Washington-Arizona basketball rivalry is Pac-12's best
Colin Darland / Daily Wildcat
In Pac-12 Conference basketball, there’s one game that’s better than the rest.
It’s more hard-fought. There’s more riding on the outcome. It’s more competitive. The players and fans care more. It has postseason implications and the series has had a slew of iconic moments in just the last 366 days.
It’s Arizona against Washington — a game that has also become the best rivalry in the Pac-12.
Gone are the days when Lute Olson would take Arizona to Pauley Pavilion for a showdown between top-ranked teams. James Harden isn’t walking into Wells Fargo Arena and giving ASU fans hope that the Sun Devils might actually be relevant in the college basketball world someday. Maples Pavilion is now filled with as many Arizona fans as Stanford fans when the once-rivals meet in Palo Alto, Calif.
The Honda Center was literally half full when UCLA hosted Arizona on Jan. 5. Even Los Angeles fans are capable of filling seats for a game they consider a rivalry.
But McKale Center is at its finest when the Huskies roll into Tucson — especially when the game is on a national stage, as it has been the past two seasons. Hec Edmundson Pavilion has been as hostile toward Arizona as any venue in America.
Three of the last four games between the Huskies and Wildcats have come down to the game’s last play, each producing a moment that won’t leave the minds of fans of either team in the near future.
There’s Derrick Williams’ block. Then Isaiah Thomas’ “cold-blooded” 3-pointer, as Gus Johnson described it. There’s Solomon Hill shooting 90 percent from the field, scoring 28 points and hitting a game tying 3-pointer with 6.9 seconds to play.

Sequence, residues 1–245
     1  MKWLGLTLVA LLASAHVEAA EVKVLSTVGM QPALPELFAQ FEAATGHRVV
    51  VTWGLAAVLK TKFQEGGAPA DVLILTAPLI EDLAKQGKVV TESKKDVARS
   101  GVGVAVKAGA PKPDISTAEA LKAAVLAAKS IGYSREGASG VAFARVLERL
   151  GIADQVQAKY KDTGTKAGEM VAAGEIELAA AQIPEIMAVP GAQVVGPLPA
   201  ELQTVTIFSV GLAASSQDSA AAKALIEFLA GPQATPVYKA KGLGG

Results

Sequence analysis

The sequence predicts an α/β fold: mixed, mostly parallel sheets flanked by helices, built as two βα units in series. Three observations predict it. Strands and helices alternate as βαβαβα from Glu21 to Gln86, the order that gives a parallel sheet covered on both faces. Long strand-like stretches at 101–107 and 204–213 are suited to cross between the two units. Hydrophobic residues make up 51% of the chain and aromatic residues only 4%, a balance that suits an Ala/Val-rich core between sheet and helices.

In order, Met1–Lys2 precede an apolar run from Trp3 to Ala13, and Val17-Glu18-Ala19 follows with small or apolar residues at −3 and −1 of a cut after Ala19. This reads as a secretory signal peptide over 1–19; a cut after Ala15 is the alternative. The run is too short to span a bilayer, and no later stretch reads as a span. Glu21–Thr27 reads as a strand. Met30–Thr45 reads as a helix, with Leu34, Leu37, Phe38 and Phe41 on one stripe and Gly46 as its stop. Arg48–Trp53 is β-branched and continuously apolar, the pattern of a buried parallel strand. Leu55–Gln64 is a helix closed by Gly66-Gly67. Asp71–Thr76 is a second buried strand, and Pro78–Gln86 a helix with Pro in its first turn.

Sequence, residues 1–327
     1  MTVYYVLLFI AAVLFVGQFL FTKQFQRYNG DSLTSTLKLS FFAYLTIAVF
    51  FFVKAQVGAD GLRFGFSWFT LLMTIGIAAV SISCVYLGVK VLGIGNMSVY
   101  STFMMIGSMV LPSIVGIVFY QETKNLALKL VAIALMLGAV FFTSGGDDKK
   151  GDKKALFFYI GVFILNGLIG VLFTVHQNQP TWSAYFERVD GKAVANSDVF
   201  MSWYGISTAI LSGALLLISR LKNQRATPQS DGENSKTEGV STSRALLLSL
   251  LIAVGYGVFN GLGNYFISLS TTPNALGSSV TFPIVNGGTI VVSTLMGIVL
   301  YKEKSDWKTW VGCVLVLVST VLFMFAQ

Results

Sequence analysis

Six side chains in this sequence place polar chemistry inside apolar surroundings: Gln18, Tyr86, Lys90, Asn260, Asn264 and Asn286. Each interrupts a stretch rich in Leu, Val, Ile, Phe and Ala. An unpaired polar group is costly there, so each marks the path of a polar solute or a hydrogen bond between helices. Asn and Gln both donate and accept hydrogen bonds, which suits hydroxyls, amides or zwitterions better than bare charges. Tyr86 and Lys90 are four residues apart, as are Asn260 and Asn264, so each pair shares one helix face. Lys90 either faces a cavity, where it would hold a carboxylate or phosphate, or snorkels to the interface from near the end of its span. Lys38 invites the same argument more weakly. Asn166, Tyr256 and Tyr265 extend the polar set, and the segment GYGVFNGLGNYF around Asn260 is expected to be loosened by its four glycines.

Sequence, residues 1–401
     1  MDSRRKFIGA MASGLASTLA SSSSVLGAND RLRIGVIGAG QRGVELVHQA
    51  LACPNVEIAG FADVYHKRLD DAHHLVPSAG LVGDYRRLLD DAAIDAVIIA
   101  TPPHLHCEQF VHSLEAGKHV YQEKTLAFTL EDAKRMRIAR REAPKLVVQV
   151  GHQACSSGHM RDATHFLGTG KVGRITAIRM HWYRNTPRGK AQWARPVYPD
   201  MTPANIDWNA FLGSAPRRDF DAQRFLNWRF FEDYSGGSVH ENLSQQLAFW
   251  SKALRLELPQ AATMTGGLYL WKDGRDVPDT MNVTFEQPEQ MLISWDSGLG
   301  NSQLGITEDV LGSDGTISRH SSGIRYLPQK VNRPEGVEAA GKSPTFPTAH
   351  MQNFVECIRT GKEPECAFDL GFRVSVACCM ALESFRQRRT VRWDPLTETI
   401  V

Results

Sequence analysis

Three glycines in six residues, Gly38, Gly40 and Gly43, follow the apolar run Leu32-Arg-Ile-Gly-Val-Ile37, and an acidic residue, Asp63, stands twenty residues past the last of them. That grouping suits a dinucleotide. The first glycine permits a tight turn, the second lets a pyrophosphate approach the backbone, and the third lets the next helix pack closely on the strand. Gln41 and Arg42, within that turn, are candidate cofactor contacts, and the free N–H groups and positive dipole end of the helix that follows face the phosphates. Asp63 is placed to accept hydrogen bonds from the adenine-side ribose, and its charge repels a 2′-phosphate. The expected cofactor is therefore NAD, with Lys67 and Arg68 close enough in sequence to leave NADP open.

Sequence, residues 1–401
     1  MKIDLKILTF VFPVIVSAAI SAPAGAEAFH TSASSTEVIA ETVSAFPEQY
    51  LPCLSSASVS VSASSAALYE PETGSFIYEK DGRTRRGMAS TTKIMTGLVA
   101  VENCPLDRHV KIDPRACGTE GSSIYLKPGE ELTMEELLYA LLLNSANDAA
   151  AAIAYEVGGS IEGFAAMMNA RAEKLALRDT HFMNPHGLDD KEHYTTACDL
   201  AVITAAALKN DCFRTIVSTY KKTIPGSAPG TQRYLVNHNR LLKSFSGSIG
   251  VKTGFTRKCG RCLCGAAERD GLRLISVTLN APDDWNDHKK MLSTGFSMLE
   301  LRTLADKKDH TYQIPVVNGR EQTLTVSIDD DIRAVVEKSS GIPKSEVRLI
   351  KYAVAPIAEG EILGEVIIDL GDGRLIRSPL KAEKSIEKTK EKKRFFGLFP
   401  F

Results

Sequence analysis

Then there’s Tony Wroten’s game winning block of Josiah Turner. And Wroten’s posterization of freshman forward Angelo Chol.
But raucous crowds and iconic moments alone don’t make a rivalry. The games are entertaining. They pit the conference’s two most athletic teams against each other. Washington plays its best basketball of the season against Arizona year after year.
“I think when we play them, it’s like playing ourselves in a way,” Washington guard Terrence Ross said on Saturday. “It’s always a fun matchup.”
The two teams play an up-and-down style that is, for lack of a better word, fun to watch.
And then there’s the final — and most important — ingredient to creating a long-lasting rivalry: The games actually mean something.
Each of the last five matchups has played a role in deciding which team sits atop the conference standings. Washington might be sneaking its way back onto the good side of the NCAA Tournament bubble — thanks in large part to a pair of wins over a solid Arizona team.
Last year’s Arizona win in McKale Center helped vault the Wildcats to a regular-season Pacific 10 Conference championship. Thomas’ heroics gave the Huskies the tournament championship and the auto-bid to the NCAA Tournament that comes with it.
The Huskies sit in a tie for first place after Saturday’s win. Had the Wildcats won, they would be a game back of the conference’s top spot with three games left to play.
Things between Arizona and Washington don’t stop on the court. Arizona head coach Sean Miller and UW head coach Lorenzo Romar are battling for recruits. Chol’s college decision came down to Arizona or Washington.
No other conference matchup has the unmatchable combination of atmosphere, skill, highlight plays and meaningful games. The days of UCLA versus Arizona being the conference’s marquee game are over.
Washington and Arizona have taken the reins, and neither looks willing to let this matchup slide into the depths of irrelevance like the Pac-12’s other fleeting rivalries.
— Alex Williams is the sports editor. He can be reached at email@example.com or on Twitter via @WildcatHoops.